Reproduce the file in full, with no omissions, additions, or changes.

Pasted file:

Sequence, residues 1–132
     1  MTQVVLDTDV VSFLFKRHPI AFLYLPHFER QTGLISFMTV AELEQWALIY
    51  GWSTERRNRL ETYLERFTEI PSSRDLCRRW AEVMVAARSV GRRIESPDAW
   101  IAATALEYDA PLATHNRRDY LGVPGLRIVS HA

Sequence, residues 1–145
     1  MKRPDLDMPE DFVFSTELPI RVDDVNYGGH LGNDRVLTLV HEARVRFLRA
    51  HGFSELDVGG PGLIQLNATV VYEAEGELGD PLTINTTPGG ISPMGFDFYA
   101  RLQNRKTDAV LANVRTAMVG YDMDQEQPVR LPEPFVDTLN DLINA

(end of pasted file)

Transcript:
Sequence, residues 1–132
     1  MTQVVLDTDV VSFLFKRHPI AFLYLPHFER QTGLISFMTV AELEQWALIY
    51  GWSTERRNRL ETYLERFTEI PSSRDLCRRW AEVMVAARSV GRRIESPDAW
   101  IAATALEYDA PLATHNRRDY LGVPGLRIVS HA

Sequence, residues 1–145
     1  MKRPDLDMPE DFVFSTELPI RVDDVNYGGH LGNDRVLTLV HEARVRFLRA
    51  HGFSELDVGG PGLIQLNATV VYEAEGELGD PLTINTTPGG ISPMGFDFYA
   101  RLQNRKTDAV LANVRTAMVG YDMDQEQPVR LPEPFVDTLN DLINA